Tag Archives: precinct house

Tenderloin Precinct

New York’s “Tenderloin” district, aka “Satan’s Circus,” demanded a police station that “look[s] like a police station” according to then-Police Commissioner William McAdoo. The result was the fortress-like Tenderloin Precinct (officially the 23rd Precinct) Station House. The precinct has been renamed (7th, 14th, Midtown South) and the building’s occupant is now the NYPD Traffic Control Division, but the building is as imposing as ever.

When the 23rd Precinct Station House was built, the neighborhood was known as the city’s most corrupt red light district. The “Tenderloin” name was coined by police Captain Alexander “Clubber” Williams, who bragged after being transferred to the precinct in 1876 that after living off of chuck steak, he would now get some of the tenderloin [graft]. Williams was forced out of the department in 1895 – reputedly a millionaire.

The original building plans, wrote Commissioner McAdoo, “…looked like a second-class apartment-house. It gave no suggestion of its official character, and the internal arrangements were more fanciful than practical.” The architect, R. Thomas Short, was in fact better known as a designer of apartment buildings. But Short redesigned the station house with guidance from McAdoo and a committee of veteran police officers.

The building got mixed reviews – some critics considered it a model station, others thought it overly dramatic. The NYC Landmarks Preservation Commission gave the building landmark status Dec. 15, 1998.

R. Thomas Short was prolific, with many notable buildings to his credit, including Red House, Alwyn Court Apartments, and the Studio Building.

Tenderloin Precinct Vital Statistics
  • Location: 134 W 30th Street between Sixth and Seventh Avenues
  • Year completed: 1908
  • Architect: R. Thomas Short
  • Floors: 5
  • Style: Medieval Revival
  • New York City Landmark: 1998
Tenderloin Precinct Suggested Reading

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19th Precinct

The 19th Precinct Station House is the second of four late-1880s landmarks in a row on the north side of E 67th Street – and now actually joined to the third, a fire station house.*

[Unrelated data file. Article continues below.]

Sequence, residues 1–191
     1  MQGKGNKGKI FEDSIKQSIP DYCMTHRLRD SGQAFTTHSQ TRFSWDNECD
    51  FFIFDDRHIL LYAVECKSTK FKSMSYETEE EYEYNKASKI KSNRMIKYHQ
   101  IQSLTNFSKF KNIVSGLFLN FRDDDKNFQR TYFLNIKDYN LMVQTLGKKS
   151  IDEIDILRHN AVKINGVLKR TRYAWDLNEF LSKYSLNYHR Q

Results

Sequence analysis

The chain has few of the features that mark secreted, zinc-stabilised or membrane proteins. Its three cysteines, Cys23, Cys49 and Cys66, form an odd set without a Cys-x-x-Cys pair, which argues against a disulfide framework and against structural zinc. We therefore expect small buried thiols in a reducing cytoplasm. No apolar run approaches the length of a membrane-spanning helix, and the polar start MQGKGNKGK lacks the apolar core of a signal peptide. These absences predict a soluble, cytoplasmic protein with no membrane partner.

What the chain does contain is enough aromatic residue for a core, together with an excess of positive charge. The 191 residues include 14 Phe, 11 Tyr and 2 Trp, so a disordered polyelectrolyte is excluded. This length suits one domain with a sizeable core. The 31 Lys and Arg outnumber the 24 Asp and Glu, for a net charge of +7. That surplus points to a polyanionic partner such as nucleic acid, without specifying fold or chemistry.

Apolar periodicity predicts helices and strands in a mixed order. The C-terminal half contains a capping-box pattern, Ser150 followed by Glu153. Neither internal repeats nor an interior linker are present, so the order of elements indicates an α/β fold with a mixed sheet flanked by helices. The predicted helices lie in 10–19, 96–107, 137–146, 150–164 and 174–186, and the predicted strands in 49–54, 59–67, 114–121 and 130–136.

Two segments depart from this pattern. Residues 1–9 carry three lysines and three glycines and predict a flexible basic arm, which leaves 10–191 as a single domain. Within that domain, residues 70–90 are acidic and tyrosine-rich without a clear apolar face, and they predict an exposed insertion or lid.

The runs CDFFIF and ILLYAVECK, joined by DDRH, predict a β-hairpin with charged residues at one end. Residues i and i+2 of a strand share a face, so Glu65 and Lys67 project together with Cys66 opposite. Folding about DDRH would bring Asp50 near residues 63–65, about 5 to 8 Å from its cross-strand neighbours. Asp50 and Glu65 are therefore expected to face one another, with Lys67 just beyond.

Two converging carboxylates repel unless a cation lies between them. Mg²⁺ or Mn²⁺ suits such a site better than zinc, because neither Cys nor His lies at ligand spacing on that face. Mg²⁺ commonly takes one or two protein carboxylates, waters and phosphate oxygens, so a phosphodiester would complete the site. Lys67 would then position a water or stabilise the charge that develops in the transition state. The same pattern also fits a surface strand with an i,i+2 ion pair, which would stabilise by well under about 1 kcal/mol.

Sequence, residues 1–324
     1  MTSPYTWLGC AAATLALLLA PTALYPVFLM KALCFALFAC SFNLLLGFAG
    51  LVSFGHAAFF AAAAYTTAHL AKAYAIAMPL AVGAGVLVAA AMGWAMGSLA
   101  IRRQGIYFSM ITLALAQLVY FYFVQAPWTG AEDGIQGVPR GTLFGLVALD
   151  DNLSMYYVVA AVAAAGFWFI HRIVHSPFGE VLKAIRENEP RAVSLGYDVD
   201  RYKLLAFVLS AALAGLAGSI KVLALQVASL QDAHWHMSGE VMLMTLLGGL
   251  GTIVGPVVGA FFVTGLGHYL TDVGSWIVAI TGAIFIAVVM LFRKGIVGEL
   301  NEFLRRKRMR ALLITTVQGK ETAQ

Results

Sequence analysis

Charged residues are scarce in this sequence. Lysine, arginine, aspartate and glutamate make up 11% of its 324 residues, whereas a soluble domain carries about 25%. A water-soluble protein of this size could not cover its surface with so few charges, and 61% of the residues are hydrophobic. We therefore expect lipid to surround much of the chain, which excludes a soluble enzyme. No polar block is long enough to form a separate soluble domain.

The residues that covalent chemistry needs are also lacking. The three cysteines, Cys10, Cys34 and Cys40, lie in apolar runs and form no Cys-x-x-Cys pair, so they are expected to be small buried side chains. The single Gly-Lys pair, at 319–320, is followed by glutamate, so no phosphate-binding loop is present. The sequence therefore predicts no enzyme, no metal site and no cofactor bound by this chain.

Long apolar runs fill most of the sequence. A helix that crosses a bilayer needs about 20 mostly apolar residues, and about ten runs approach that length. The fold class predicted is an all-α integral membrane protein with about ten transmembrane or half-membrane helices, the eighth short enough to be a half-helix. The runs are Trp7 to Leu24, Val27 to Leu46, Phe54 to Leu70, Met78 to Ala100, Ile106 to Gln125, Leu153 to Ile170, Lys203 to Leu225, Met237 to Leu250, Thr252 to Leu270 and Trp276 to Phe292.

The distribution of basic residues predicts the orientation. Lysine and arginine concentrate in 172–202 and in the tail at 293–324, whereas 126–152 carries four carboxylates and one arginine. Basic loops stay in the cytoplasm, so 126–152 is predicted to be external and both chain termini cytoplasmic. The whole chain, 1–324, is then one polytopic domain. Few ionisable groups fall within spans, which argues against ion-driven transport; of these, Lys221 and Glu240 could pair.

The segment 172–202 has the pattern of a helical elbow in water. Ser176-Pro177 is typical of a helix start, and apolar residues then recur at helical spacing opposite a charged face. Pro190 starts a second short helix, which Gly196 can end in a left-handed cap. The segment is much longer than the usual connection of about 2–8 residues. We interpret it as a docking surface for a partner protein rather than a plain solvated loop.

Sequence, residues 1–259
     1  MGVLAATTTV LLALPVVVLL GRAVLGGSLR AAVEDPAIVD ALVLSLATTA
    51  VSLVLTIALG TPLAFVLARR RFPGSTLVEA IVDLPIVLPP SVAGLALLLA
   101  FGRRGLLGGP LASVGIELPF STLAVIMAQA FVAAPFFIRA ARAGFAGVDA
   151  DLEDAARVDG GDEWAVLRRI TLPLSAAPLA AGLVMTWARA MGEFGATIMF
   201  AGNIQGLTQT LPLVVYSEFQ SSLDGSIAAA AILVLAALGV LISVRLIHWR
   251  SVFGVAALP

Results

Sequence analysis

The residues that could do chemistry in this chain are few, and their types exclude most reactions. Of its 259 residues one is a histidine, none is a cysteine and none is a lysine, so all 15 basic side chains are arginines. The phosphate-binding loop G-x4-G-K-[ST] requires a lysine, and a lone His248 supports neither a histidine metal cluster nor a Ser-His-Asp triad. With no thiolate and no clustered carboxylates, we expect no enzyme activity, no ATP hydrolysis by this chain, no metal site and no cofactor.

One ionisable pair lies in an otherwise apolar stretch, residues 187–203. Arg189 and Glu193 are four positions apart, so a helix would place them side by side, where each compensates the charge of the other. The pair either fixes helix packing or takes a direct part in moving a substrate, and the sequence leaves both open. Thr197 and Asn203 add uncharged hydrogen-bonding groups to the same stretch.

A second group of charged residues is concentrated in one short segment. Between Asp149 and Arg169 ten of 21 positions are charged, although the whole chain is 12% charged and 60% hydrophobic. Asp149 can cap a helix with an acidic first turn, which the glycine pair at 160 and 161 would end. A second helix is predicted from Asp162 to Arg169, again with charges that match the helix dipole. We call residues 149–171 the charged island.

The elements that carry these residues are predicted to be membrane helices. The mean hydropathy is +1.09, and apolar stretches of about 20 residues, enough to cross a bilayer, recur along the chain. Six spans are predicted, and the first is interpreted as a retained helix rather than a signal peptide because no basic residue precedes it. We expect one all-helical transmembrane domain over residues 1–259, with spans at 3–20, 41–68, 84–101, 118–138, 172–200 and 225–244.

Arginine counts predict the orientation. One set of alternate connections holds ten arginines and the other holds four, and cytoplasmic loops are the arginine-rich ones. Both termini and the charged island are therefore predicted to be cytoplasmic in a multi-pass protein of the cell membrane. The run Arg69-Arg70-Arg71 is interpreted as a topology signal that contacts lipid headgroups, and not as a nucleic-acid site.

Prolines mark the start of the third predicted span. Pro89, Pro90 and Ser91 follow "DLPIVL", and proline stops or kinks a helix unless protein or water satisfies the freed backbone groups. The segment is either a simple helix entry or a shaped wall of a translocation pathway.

The building was conceived in 1883 as the home of the 28th Precinct – which then covered the area from E 58th to E 79th Streets, from Central Park to the East River and Roosevelt Island (then known as Blackwell’s Island). By the time that construction was underway in 1886, the Precinct had been renumbered (25th) and its territory extended a block south to E 57th Street. The unit was renumbered again in 1908 (31st Precinct), 1924 (10A Precinct), and 1929 (19th Precinct).

The NYC Landmarks Preservation Commission designated this (and three adjacent buildings) as landmarks in 1980, but the Board of Estimate overturned the designation for the Precinct and neighboring fire house. The city’s plan: Demolish and rebuild. (The separate jail, behind the station house, had been demolished in 1974.) An alternate plan was devised in 1990 that saved the fronts of the precinct and fire house, and built new rear portions that joined the two structures. The precinct now uses upper floors of the adjacent fire house (which originally had been used as NYFD headquarters).

*The four E 67th Street landmarks are: Mount Sinai Dispensary (now Kennedy Child Study Center) at 149; 19th (originally 25th) Police Precinct at 153; Engine Company 39/Ladder Company 16 Station House at 157; and Park East Synagogue, 163.

19th Precinct Vital Statistics
19th Precinct Recommended Reading

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